A brand new day
“This is where it all begins. Everything starts here, today.”
― David Nicholls, One Day
It hardly needs saying but today is unique.
But after a bit of living, one day blends into the next and it begins to feel a little bland or at least repetitive.
I'd be lying if I didn't admit, just once in a while, to getting snow-blind to how precious each day, each hour and each moment truly is. I get tired, my inner critic goes into its mania phase and it doesn't take long before I'm questioning, yet again, the purpose of it all.
I'm lucky: a brisk walk in nature normally sorts things out, and if nothing else, looking up to the sky (whatever the weather) or standing close to or touching the wide expanse of a majestic tree reminds me of the blessing that is life — right here, right now.
One thing, though, I'm always cautious about embracing is the idea of hope for something better. In my experience — and mine alone — it can be a dangerous game to constantly wish for something better because apropos of making lists, vision quests and a whole lot more, it elides all that is unique and momentous of the present moment. (I'm sure I've written about this before and there's a quote somewhere in the ether that says something to the effect that you're so busy making plans — which I assume are hope-laden -- that you forget to live. Guilty as charged.)
Does that mean we should live without hope — right now?
I'm not sure.
What we would hope for?
A swift end to isolation?
A comprehensive and rapid cure for Covid19?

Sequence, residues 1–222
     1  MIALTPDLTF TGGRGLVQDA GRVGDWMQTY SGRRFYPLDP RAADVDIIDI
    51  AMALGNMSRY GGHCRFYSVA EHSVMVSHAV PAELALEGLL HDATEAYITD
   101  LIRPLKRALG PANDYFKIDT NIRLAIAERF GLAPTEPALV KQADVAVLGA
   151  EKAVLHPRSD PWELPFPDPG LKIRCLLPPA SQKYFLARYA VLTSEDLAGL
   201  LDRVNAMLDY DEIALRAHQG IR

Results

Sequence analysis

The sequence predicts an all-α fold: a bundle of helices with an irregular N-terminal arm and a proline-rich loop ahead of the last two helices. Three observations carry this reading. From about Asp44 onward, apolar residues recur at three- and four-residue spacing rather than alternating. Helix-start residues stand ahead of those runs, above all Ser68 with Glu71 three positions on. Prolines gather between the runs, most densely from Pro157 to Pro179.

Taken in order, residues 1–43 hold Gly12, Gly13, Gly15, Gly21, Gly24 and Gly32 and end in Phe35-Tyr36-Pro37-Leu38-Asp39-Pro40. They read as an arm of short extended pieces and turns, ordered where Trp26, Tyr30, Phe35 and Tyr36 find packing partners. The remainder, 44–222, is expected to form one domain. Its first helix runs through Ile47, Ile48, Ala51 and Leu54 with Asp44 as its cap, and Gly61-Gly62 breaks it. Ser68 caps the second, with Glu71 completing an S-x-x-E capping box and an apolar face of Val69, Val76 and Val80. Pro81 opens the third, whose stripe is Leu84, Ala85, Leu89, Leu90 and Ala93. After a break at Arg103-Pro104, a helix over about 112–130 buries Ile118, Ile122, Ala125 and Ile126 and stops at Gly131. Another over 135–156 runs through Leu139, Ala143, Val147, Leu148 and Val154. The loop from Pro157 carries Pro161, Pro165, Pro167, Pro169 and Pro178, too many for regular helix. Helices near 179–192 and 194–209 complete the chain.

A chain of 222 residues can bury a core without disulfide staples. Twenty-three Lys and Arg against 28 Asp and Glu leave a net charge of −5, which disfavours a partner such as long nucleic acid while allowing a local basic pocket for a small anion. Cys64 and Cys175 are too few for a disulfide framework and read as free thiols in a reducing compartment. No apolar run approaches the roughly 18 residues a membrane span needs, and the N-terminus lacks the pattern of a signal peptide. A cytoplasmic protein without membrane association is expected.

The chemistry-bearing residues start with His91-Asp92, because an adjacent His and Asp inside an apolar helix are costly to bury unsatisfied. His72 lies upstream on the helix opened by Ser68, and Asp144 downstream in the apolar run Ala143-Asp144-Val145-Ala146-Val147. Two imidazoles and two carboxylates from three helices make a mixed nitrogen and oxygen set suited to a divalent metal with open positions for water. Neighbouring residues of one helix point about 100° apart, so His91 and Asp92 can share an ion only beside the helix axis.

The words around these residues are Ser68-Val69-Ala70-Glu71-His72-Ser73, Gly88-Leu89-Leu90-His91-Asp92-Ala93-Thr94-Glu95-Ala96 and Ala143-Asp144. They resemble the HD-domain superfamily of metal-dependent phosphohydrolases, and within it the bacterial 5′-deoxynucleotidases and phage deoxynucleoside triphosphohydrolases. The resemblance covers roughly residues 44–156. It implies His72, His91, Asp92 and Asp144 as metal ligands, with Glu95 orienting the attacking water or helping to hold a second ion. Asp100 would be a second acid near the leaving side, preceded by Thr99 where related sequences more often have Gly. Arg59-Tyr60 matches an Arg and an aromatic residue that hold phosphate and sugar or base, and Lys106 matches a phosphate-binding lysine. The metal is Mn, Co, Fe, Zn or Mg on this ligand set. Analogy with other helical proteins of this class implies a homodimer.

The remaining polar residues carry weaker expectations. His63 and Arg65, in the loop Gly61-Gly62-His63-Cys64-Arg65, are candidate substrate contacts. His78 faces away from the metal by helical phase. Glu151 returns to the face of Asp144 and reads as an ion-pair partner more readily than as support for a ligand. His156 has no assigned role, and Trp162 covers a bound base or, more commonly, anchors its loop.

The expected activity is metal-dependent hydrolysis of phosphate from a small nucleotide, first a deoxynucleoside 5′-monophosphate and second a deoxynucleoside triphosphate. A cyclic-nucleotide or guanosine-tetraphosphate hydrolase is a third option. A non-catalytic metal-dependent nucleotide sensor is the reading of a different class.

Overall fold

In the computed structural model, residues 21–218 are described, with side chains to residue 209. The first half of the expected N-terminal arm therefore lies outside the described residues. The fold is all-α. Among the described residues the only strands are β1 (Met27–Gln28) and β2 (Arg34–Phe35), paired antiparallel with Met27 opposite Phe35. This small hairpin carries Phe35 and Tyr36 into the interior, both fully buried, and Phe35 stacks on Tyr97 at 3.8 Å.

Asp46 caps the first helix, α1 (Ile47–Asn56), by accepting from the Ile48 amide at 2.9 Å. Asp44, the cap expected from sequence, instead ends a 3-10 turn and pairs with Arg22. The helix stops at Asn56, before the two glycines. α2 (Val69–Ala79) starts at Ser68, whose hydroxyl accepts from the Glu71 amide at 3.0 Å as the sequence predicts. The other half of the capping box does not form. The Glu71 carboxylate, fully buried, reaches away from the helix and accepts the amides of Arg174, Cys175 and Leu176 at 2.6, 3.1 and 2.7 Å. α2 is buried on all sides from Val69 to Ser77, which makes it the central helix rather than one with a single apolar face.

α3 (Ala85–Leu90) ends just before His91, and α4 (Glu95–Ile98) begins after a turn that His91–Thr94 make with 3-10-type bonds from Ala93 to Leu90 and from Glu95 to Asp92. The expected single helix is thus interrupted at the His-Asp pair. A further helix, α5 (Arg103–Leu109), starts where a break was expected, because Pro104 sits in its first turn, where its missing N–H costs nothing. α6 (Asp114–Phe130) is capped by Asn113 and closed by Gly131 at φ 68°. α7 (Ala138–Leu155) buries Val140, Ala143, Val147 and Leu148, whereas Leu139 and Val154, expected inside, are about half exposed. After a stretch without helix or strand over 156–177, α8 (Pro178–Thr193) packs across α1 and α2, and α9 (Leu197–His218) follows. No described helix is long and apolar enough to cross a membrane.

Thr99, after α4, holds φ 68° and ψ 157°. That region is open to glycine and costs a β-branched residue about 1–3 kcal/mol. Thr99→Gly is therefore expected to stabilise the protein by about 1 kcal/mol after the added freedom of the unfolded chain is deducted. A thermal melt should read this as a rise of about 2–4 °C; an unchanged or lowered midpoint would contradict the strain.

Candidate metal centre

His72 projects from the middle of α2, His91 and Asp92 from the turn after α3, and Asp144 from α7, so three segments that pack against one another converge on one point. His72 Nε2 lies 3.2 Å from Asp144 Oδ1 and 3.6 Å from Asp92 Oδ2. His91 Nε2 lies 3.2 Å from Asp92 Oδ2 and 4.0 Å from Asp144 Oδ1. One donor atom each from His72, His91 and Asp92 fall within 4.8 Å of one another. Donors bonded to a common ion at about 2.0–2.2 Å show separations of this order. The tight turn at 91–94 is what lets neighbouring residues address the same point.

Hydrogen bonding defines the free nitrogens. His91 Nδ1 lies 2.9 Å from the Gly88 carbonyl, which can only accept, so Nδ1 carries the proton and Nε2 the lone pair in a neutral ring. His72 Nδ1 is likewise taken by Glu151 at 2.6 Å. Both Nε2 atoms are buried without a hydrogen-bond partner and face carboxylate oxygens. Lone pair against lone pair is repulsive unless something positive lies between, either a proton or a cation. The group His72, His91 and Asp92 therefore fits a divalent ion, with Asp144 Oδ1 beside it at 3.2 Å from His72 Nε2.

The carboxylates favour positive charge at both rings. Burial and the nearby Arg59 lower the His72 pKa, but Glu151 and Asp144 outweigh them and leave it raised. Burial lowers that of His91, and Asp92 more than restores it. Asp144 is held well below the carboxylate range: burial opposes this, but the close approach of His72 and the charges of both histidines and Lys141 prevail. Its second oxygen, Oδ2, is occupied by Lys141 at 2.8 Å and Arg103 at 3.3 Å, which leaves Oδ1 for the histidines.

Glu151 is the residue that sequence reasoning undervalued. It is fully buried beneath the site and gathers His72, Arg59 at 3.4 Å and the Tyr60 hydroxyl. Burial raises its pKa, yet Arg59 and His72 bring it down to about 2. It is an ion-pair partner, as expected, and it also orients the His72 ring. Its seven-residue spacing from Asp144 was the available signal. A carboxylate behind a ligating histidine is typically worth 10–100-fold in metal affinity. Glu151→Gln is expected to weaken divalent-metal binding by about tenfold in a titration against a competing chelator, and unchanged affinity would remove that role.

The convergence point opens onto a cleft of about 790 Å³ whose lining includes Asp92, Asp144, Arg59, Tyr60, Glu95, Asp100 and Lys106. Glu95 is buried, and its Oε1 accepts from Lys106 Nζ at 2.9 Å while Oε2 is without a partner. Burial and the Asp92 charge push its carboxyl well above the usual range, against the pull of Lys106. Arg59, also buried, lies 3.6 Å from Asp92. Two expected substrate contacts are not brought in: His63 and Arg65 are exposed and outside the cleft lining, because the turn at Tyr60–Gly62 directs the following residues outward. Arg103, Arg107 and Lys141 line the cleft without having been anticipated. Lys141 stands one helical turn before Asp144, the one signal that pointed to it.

A wish to return to life as it was?
That we live out a full life and never again have to experience any of these things, especially the god-awful grief?
How real is any of that? I mean, how much 'control' do we really have?
Very little it seems to me.
Oh sure, we can want it better, but when everything is constantly changing — and that includes us — why do we think it should only be one way? To my mind, that feels a little like wishing for a miracle. And that's not to say miracles don't happen but how much then of our attention is placed on the present moment?
Sorry, I'm sure this message is out of whack with reality. But as I sit here to write this post, I know that this moment will never come again, and whilst it's good to hope for something better, we also need to apprehend the import of the here and now.
The other thing we need to consider is...what does it mean to Die Wise — see the book by Stephen Jenkinson? Yes, you heard me. As well as constantly talking about a good life, we also need to consider a good death — not just the final bit or even the end-stage but all of it.
I recognise this is antithetical to the normalcy of the modern age and even if it seems hugely crass with the passing now of so many people, many taken no doubt before their time, we should never forget that death is our life, as are all the other things we've done or want to do. For me at least, they're two sides of the same thing. Does that we mean we have to recalibrate our lives and do something different? I can't really answer that but I do know that there's way too much word voodoo associated with the 'D' word, as if that should be reserved for another day — most likely right at the very end. Why? Why should we not say that, in acknowledging the uniqueness of this moment, that we're one day closer to death? Yes, we want to live a good life but shouldn't death also inform our purpose and reverence for the happening of the now?
So, if you have a daily practice — I'm sure you've got one — perhaps, just perhaps, we need to find a way, even by sipping our cup of coffee or tea or looking out the window to whatever view there is to remind ourselves that this moment is unique and it will never, ever come again even if or especially if we feel it could be a lot, lot better.